Your eyes are not deceiving you — that painted rock is staring at you.
That is a Minion peeking out among the morning glories. And that strawberry isn’t really a fruit.
Someone — you can likely find out who by going onto Facebook — painted that rock and hid it just for you to find. Now, your duty is twofold: Take a photo of your smiling face with that rock and post it to the corresponding Facebook page, and hide it again.
Rock hunting has boomed in recent months, coinciding for some with the end of the school year. Several Facebook groups in the area are home to loose associations of painters and hiders and those who seek the rocks, from Granite City’s 6,000-plus members to Waterloo’s nearly 2,000, Lebanon’s more than 200 and Belleville’s 97.
“I never thought it would take off the way it has,” says Lauren Dix, of Granite City, who started Granite(Rocks) Illinois on Facebook in June.
“Everybody’s doing it; it’s crazy,” she said.
Lauren and her children, a daughter, 7, and son, 11, got started on a lark with a group of her daughter’s friends. The group’s goal is to give back to the community and spread joy, so one afternoon the group painted 75 rocks to hide.
“And that was a month ago. It’s just blown up,” Lauren said.
In Granite City, even the police department is in on hiding rocks, Lauren says. Businesses are using hidden rocks in promotions, but by far, most are painted by creative folk.
Painted rocks are hidden in plain sight — on top of a fence, in the crook of a tree, tucked into a flowerpot — and patiently wait for a keen set of eyes.
“It’s neat to see the family walking by, with the kids’ heads looking down and (moving) side to side,” said painter Jeff Harris, who teaches sixth grade at Grant Middle School in Fairview Heights and lives in Lebanon.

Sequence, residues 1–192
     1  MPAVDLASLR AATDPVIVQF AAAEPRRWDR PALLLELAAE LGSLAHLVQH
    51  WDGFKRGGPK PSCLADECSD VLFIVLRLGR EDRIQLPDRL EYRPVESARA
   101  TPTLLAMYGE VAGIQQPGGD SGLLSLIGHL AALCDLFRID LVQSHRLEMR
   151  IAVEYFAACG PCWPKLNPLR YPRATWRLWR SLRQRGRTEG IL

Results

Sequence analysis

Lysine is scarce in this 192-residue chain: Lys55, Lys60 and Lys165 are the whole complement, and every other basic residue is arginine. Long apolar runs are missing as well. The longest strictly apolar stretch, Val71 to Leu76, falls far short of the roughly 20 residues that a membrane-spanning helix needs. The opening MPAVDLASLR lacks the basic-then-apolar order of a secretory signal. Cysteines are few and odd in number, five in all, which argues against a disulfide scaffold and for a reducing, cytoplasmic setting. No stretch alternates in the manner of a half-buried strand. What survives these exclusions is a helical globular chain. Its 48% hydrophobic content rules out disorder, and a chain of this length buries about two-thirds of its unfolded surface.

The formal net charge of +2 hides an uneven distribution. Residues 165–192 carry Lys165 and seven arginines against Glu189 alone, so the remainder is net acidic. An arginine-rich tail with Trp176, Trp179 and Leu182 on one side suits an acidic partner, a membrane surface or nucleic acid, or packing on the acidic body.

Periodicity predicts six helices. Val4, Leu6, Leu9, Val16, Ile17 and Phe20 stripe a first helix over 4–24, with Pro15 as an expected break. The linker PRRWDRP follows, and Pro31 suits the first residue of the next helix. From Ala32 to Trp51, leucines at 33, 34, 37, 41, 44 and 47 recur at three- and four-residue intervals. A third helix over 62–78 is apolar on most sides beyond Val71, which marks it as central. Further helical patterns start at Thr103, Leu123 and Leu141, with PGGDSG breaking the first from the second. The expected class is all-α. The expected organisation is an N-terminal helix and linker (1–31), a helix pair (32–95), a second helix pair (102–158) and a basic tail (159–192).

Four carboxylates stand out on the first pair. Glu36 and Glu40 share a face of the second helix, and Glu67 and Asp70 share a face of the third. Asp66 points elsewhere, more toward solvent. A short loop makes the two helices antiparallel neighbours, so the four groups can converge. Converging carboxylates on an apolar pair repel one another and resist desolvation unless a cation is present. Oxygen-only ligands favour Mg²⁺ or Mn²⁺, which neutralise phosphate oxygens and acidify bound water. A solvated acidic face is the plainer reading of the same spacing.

“It’s like teaching, when you see a kid get it. And the rock hunting is like that.”
Jeff likes to give clues on the Lebanon, IL Rocks Facebook page as to where the hidden rocks are. It helps to know Lebanon’s history, like when he suggested “Foreign TREEt” was where a rock would be. That one was hidden among the Lebanon Cedars.
Rock hunters tend to be children, and their families tend to be pleased that they’re getting outdoors and mobile.
Melissa Graham, of Waterloo, grew up in the country and said painting rocks then was “something to pass the time sometimes.” About three weeks ago, she started the Waterloo Rocks (Illinois) Facebook page as a way to help urge children and their parents to explore outdoors.
Now, she’s inspired to see what others have painted for her daughter, Audrey Stanley, 8, to find.
“There are some pretty spectacular paintings on these rocks,” Melissa said.
Audrey likes emoji and flowers and says the rocks are usually pretty easy to find.
“I had found a heart rock,” recently, Audrey said, that she kept for a couple days before hiding it again.
The really neat thing about hiding rocks and the Facebook page connection, Melissa says, is that painters and seekers are able to track the rocks.
“We did it when we were kids and it was fun. But we didn’t have the social interaction,” Melissa said. “You get to watch your rock be found by other people and see where they end up and where they traveled.”
How to find a rock
Many who hide rocks like to post clues on Facebook, some in hopes that finders will share their joy at their successful hunt. To find clues and share success, look up these, among other rock groups popping up every week:
- Belleville Family Rocks
- Fairview Heights Illinois Rocks
- Lebanon, IL Rocks
- O’Fallon/Shiloh Rocks
- Mascoutah Rocks
- Smithton/Freeburg Rocks Project
- Waterloo Rocks (illinois)